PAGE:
• ITVI.USA
    15,529.670
    -8.590
    -0.1%
  • OTRI.USA
    25.060
    -0.050
    -0.2%
  • OTVI.USA
    15,490.640
    -7.950
    -0.1%
  • TLT.USA
    2.720
    0.020
    0.7%
  • TSTOPVRPM.ATLPHL
    2.550
    -0.030
    -1.2%
  • TSTOPVRPM.CHIATL
    3.030
    -0.080
    -2.6%
  • TSTOPVRPM.DALLAX
    1.450
    0.150
    11.5%
  • TSTOPVRPM.LAXDAL
    2.910
    -0.030
    -1%
  • TSTOPVRPM.PHLCHI
    1.700
    -0.040
    -2.3%
  • TSTOPVRPM.LAXSEA
    3.020
    -0.010
    -0.3%
  • WAIT.USA
    120.000
    0.000
    0%
  • ITVI.USA
    15,529.670
    -8.590
    -0.1%
  • OTRI.USA
    25.060
    -0.050
    -0.2%
  • OTVI.USA
    15,490.640
    -7.950
    -0.1%
  • TLT.USA
    2.720
    0.020
    0.7%
  • TSTOPVRPM.ATLPHL
    2.550
    -0.030
    -1.2%
  • TSTOPVRPM.CHIATL
    3.030
    -0.080
    -2.6%
  • TSTOPVRPM.DALLAX
    1.450
    0.150
    11.5%
  • TSTOPVRPM.LAXDAL
    2.910
    -0.030
    -1%
  • TSTOPVRPM.PHLCHI
    1.700
    -0.040
    -2.3%
  • TSTOPVRPM.LAXSEA
    3.020
    -0.010
    -0.3%
  • WAIT.USA
    120.000
    0.000
    0%
Air CargoAmerican ShipperNews

Air Cargo Market Report: China rate rebound takes a breather

World ACD reports July volumes increase 8% month-over-month

Airfreight rates to the U.S. plateaued in mid-August after rising for more than a month, influenced by a drop in demand from South China and passenger airlines temporarily adding more capacity. Still, finding affordable air transport in Southeast Asia, writ large, is difficult.

The dip freight activity isn’t expected to last long as retailers gin up shipments for the peak season buildup to the holidays. 

Shippers paid $0.02 cents less per kilo for air transport from China to the U.S., with a $0.34 price drop from Shanghai nearly canceled out by a $0.30 hike in outbound Hong Kong rates. 

Airlines, especially express carriers FedEx and UPS, have scaled back flights to Hong Kong because some pilots are refusing to fly there because of aggressive testing and quarantine procedures aimed at stopping a new coronavirus outbreak.

China rates to Europe dipped $0.15, led by an 8% drop in rates out of Shanghai,according to The Air Freight Index Co., which benchmarks industry rates. Rates increased slightly on trans-atlantic routes, highlighted by increases of 4% and 2.4% for Chicago to Europe and Frankfurt to the U.S., respectively.

Logistics specialist Flexport continues to report severe capacity shortages in Southeast Asia and Taiwan, with very little relief expected for the remainder of the year.

Increased capacity from passenger airlines returning more flights to service contributed to the rate-growth pause on certain trade lanes, but the supply bump should be temporary because U.S. and other airlines are trimming winter schedules in anticipation of a steep drop in leisure travel with schools back in session.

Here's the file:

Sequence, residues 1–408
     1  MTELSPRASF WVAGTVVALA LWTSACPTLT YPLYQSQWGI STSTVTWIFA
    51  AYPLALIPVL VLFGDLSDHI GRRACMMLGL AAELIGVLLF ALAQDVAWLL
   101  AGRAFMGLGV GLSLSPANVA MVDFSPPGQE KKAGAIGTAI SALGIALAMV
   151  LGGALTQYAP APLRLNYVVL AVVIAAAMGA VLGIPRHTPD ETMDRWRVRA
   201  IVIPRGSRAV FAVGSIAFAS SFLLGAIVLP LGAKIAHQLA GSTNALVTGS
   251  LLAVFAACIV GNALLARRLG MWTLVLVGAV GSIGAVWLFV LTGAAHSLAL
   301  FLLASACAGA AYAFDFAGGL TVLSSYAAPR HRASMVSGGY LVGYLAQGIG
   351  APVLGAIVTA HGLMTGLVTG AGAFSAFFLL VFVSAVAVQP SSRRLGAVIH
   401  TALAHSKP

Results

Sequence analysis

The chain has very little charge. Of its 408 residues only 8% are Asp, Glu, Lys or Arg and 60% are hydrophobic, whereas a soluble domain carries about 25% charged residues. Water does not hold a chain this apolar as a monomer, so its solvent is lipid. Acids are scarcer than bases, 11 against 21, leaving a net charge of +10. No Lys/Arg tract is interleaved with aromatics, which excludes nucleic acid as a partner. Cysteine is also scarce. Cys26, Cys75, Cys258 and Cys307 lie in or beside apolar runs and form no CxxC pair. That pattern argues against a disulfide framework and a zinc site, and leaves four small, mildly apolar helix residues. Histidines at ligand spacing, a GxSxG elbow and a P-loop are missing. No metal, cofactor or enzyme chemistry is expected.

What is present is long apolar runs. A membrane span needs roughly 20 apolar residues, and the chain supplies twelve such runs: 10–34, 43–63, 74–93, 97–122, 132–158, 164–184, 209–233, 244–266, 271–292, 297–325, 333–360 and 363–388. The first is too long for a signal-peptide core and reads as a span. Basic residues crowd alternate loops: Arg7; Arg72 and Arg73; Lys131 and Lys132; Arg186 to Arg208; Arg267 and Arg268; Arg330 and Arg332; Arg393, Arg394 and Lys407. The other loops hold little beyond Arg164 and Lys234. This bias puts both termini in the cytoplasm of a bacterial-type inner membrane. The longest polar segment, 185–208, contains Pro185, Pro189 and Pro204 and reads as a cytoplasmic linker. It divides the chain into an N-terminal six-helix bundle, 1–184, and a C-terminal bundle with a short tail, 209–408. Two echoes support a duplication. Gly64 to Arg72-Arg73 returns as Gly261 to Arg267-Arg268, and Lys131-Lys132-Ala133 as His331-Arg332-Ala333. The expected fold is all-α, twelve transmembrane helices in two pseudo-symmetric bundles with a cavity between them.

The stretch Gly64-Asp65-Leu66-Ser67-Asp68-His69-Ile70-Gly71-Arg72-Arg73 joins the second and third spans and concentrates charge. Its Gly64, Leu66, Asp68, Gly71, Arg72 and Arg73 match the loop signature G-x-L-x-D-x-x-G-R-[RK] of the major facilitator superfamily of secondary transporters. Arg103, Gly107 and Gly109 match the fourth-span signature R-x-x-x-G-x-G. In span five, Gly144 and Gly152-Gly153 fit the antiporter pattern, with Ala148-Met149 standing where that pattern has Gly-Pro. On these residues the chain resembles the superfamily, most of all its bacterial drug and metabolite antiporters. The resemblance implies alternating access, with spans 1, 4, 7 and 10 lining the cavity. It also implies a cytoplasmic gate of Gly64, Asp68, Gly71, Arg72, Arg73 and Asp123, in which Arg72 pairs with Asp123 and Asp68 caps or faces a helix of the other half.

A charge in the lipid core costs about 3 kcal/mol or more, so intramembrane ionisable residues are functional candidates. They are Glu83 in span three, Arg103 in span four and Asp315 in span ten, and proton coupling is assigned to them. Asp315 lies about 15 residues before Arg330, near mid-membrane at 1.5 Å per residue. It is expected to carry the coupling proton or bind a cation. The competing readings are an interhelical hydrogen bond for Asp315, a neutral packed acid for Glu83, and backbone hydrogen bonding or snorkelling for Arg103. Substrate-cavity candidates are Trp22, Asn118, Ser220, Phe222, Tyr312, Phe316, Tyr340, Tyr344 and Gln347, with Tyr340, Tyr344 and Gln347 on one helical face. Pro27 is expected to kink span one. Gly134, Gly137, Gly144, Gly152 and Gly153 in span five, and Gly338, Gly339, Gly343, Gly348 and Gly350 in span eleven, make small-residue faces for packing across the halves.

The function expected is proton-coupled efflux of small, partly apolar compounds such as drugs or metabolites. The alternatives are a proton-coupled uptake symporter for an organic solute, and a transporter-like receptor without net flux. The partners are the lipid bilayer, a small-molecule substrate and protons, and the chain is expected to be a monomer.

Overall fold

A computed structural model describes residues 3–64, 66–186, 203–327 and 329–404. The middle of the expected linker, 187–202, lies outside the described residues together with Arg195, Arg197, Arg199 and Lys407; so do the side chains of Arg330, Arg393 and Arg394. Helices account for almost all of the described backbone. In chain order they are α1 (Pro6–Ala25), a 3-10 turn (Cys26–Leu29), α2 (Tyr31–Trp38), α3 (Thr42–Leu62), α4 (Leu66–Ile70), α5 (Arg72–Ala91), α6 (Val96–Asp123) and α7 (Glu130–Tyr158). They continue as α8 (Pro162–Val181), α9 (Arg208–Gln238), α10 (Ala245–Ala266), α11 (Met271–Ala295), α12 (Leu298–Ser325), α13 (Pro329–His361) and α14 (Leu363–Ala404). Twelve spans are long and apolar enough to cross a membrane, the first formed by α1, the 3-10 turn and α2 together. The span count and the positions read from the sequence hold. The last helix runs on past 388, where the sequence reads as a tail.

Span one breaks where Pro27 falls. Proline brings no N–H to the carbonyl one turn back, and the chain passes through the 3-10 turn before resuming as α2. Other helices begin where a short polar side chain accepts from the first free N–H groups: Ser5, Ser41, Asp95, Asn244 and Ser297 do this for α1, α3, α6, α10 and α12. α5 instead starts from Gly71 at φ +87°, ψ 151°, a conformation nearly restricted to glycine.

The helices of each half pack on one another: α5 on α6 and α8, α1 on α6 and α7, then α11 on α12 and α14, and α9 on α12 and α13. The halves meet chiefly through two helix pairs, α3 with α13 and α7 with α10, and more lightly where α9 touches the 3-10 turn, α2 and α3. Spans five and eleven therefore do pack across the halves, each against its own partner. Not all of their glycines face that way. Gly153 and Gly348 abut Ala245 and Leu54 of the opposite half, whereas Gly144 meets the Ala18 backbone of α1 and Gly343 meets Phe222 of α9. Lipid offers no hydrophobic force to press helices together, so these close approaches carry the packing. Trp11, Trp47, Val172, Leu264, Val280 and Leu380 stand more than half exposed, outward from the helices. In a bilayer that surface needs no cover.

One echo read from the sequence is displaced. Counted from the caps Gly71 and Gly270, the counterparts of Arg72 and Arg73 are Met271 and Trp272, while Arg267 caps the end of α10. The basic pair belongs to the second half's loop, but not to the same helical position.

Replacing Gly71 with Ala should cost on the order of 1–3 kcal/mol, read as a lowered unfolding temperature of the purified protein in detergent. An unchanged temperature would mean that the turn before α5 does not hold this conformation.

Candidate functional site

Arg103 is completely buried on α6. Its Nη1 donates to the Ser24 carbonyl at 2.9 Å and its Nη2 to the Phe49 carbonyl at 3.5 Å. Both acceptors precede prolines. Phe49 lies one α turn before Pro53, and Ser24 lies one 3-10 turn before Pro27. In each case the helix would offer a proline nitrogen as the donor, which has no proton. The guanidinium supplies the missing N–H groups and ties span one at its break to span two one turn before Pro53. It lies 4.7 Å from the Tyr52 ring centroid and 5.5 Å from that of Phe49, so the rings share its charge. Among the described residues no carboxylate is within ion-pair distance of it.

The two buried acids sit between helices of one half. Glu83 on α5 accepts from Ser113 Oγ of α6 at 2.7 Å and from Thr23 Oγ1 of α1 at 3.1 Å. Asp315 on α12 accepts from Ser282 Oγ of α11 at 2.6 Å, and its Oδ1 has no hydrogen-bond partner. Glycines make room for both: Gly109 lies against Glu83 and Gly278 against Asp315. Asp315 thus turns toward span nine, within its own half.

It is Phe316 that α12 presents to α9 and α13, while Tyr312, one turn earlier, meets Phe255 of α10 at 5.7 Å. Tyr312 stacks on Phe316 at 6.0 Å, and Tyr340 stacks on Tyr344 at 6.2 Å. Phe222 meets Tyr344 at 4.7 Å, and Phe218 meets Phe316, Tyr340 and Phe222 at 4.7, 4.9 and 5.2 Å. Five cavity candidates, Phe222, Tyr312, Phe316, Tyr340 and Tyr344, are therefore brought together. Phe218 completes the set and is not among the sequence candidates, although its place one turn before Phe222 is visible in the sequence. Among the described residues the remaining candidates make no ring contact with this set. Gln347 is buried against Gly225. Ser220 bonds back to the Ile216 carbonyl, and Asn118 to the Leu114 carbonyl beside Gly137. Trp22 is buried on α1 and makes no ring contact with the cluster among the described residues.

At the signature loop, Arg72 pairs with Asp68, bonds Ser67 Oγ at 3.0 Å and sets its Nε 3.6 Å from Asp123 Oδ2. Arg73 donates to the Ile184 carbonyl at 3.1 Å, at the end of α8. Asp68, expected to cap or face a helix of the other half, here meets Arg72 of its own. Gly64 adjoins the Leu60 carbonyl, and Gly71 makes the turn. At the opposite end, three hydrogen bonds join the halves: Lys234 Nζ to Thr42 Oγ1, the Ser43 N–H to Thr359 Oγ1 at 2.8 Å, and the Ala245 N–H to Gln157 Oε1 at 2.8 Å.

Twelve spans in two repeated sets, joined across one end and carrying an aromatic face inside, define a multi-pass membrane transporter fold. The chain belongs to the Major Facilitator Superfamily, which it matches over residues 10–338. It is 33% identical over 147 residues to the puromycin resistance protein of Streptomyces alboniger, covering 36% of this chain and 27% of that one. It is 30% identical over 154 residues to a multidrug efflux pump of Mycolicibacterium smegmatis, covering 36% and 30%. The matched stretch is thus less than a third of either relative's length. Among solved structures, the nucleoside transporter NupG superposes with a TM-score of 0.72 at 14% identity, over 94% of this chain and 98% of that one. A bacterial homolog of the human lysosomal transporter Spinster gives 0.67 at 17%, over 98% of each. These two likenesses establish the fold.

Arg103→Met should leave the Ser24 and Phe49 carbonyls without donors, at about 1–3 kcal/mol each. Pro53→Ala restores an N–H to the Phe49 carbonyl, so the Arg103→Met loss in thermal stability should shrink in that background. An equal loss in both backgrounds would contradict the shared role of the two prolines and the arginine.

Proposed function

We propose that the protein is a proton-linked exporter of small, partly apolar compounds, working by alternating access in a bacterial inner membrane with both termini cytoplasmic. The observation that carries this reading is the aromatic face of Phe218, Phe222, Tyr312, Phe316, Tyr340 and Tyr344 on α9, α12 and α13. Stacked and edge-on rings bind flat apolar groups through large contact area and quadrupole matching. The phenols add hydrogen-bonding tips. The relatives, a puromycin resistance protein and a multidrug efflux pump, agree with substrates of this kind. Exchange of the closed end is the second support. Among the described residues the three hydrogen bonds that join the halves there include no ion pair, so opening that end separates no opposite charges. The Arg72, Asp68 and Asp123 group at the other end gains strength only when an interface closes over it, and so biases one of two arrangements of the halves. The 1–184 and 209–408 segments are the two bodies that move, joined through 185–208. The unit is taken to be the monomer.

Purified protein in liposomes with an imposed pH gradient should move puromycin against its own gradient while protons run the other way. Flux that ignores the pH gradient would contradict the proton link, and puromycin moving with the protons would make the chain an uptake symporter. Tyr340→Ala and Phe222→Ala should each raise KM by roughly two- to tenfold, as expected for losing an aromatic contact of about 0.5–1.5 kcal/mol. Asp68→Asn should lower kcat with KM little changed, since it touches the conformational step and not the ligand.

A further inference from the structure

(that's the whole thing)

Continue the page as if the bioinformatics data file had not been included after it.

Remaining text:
Among the sources of new capacity: A rapprochement between China and the U.S. over aviation service, amid ongoing diplomatic tensions, is adding eight weekly widebody flights between China and the U.S.; Qatar Airways has added six destinations in August, including Houston and Philadelphia, bringing its network to more than 550 weekly flights and 85 destinations; and German freight forwarder Dachser recently launched a dedicated weekly private charter service with Boeing 747-400 freighters between Frankfurt and Chicago

Meanwhile, more lagging data came in showing the air cargo market continues to rehabilitate for the coronavirus shock. The U.S. Department of Transportation said U.S. and foreign airlines carried 5.3% less cargo by weight between the U.S. and foreign points in June, year over year,, despite a rise of almost 11% in cargo between the U.S. and Asia. June’s decline was smaller than decreases in  March (-17%), April (-16%) and May (-14%).

And World ACD, a market data firm, said July airfreight volume was 8.2% more than in June. But on an annualized basis, July 2020 was 18.5% worse than last year – an indication of how much more the industry has to go to get back to normal. Prices were still 62% higher year-over-year, on average, but fell 9% from June to $2.83 per kilogram and airlines experienced their first drop in cargo revenue since the pandemic started. 

 If you’re wondering why a 19% drop in cargo volume can send prices 60% higher consider that there is 20% less available space for shipments in the air transport network because so many passenger aircraft are still out of service. 

World ACD figures for the first week of August showed a 0.3% dip in global volume and a 2% drop in prices.

Click here for more FreightWaves/American Shipper stories by Eric Kulisch.

RELATED NEWS:

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Pressure on air cargo rates from China keeps increasing

FedEx pilots urge company to suspend Hong Kong flights over COVID mandates

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Eric Kulisch, Air Cargo Editor

Eric is the Air Cargo Market Editor at FreightWaves. An award-winning business journalist with extensive experience covering the logistics sector, Eric spent nearly two years as the Washington, D.C., correspondent for Automotive News, where he focused on regulatory and policy issues surrounding autonomous vehicles, mobility, fuel economy and safety. He has won two regional Gold Medals from the American Society of Business Publication Editors for government coverage and news analysis, and was voted best for feature writing and commentary in the Trade/Newsletter category by the D.C. Chapter of the Society of Professional Journalists. As associate editor at American Shipper Magazine for more than a decade, he wrote about trade, freight transportation and supply chains. Eric is based in Portland, Oregon. He can be reached for comments and tips at ekulisch@freightwaves.com
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